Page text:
“It could be wished that Miss Flora Scales had given the same care to all the details of her very clever picture, ‘The Valley Road’ (7), that she has bestowed on most of them. In many respects this is certainly one of the best pictures in the exhibition: The figure of the girl, the cows and the landscape generally are admirable. They are drawn with vigour, and the brilliant light is very well managed. But why those unfortunate trees on the left? They might have been well enough in an impressionist sketch, but as it is they are wholly “out of the picture.” It would have been quite possible, and legitimate, to paint them broadly without making them mere flat-slabs of colour. There is no accounting, or excuse, for such an eccentricity in a picture which otherwise possesses great charm.”
The Valley Road
Rural landscape. Back view of young woman wearing a hat and pinafore. She holds a stick in her left hand and follows two cows with right flank showing. A row of poplars at left. Path winds towards distant hills.
This is a reproduction of Scales’ painting in the Canterbury Society of Arts Annual Exhibition Catalogue 1919, Christchurch, New Zealand, 1919 [see Related Images]. Exact date unknown, dated according to the catalogue accompanying the Canterbury Society of Arts exhibition. It was catalogued as follows: The Valley Road, oil, no. 7, 20 x 16, £10.10.0. This is the only image recorded of this work, it's location is unknown.
In three of Scales’s early 1920s landscape paintings, Untitled [Landscape with curved road and trees] [BC121], Untitled [Nelson Farm Landscape] [BC127] and The Valley Road [BC139], a wide curved road leads deep into the middle distance on a strong left to right diagonal implying by its curve an eventual return towards the centre of the composition to balance the two point perspective. Shadows and the hazy blue distance of the atmospheric perspective contribute to the naturalism of the scene in keeping with the conventions of landscape painting in New Zealand at that time.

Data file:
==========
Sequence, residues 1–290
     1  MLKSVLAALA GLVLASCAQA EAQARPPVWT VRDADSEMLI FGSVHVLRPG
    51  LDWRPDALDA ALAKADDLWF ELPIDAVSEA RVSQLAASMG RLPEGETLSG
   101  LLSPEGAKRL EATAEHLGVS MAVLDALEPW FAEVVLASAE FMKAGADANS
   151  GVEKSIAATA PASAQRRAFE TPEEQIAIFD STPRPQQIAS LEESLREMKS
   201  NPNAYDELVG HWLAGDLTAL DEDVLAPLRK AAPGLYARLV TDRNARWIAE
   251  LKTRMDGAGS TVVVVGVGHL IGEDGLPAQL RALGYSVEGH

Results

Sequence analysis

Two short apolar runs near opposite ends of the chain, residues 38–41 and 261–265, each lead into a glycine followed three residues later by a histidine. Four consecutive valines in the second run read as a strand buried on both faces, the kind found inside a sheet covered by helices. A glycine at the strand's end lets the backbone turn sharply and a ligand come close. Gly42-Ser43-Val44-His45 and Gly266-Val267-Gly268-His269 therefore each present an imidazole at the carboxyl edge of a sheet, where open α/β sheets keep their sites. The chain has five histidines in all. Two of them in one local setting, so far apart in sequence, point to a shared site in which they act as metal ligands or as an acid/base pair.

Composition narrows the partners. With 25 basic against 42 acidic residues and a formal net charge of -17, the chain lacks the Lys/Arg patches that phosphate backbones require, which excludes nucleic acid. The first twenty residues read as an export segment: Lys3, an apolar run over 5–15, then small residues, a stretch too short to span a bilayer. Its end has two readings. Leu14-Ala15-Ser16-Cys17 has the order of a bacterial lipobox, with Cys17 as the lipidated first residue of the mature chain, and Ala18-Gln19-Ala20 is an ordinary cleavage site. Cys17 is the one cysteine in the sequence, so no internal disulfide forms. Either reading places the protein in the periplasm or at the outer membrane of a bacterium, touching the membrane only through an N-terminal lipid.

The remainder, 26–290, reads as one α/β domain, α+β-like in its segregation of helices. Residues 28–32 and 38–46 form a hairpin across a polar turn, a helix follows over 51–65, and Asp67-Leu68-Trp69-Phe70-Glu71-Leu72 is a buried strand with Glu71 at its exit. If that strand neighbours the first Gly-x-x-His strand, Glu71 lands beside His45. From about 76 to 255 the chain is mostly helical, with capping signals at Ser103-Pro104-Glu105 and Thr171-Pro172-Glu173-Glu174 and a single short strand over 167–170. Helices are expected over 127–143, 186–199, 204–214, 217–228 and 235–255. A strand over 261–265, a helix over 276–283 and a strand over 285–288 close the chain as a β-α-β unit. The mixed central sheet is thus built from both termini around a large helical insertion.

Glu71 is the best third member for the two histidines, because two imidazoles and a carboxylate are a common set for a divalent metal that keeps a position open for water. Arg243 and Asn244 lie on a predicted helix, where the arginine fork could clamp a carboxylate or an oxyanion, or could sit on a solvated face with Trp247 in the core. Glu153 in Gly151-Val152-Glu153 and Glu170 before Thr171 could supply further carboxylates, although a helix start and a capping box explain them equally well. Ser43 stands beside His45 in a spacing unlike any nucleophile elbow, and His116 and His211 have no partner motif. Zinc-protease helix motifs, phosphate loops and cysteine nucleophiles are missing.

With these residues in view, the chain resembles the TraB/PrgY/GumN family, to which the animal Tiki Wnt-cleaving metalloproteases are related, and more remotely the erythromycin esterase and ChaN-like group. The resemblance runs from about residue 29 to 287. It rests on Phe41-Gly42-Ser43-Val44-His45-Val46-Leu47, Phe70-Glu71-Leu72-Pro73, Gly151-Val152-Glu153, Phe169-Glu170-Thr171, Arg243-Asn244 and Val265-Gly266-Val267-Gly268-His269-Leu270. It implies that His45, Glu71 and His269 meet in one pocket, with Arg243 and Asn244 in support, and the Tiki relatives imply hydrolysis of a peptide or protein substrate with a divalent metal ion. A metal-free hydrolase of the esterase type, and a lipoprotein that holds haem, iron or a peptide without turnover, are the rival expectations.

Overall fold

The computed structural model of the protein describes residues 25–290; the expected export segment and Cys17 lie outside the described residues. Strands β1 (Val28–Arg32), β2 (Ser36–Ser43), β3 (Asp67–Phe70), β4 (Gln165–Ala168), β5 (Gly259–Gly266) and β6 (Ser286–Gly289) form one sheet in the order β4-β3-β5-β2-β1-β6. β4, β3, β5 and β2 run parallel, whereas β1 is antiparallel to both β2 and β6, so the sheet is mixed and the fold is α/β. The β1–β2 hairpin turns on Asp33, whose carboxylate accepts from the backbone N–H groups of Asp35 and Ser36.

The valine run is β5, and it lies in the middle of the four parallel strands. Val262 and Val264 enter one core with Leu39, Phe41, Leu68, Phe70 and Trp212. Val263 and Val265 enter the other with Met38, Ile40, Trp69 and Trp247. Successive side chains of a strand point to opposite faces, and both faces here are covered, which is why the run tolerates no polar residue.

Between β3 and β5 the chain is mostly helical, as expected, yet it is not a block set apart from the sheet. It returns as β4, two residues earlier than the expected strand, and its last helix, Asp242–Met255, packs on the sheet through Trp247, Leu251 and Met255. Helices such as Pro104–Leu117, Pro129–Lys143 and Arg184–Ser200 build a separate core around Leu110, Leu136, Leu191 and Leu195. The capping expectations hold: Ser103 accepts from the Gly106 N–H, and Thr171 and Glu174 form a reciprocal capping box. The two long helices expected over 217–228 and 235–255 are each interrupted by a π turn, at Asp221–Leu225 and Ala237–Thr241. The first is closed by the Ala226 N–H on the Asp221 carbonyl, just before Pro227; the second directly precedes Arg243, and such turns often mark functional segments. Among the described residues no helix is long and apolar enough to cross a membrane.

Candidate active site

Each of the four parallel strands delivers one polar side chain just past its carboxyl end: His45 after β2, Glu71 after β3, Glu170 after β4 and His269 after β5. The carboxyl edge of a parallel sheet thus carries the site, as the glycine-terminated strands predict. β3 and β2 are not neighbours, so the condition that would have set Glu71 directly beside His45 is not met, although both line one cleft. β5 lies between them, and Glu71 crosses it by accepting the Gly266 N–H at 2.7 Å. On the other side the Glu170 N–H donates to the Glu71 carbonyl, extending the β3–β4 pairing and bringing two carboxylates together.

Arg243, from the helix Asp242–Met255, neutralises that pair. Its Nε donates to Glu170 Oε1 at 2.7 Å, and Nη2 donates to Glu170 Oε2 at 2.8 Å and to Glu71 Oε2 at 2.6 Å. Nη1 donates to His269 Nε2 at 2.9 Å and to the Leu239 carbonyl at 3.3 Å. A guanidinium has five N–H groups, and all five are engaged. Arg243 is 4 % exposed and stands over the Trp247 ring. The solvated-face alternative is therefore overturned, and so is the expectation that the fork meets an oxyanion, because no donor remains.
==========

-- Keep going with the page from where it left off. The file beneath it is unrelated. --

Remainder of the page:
Taking heed of Hofmann’s theories, in her late 1930s Basilica series, Untitled [Mediterranean Scene] 1 [BC016], Mediterranean Village [BC019] and Basilica and Lighthouse, St Tropez, Southern France [BC021], Scales has adjusted the role of the curved path. Reduced in scale and curved towards the edge of her canvas it plays its part in the formal arrangement of colour, geometric planes and diverging diagonals to suggest the space and vitality of the scene without recourse to traditional rules of perspective.
The curved path is seen in later works such as St Michael [BC041] [c. 1958-1962] where, with the subtlety and sensitivity of her brush strokes and harmony of colour, Scales distils an expansive landscape to her small canvas, enhancing the grandeur of the scene.
Canterbury Society of Arts Catalogue 1919, Christchurch, plate 7 (https://christchurchartgallery.org.nz/media/uploads/2010_08/CSA_Catalogue_1919.pdf)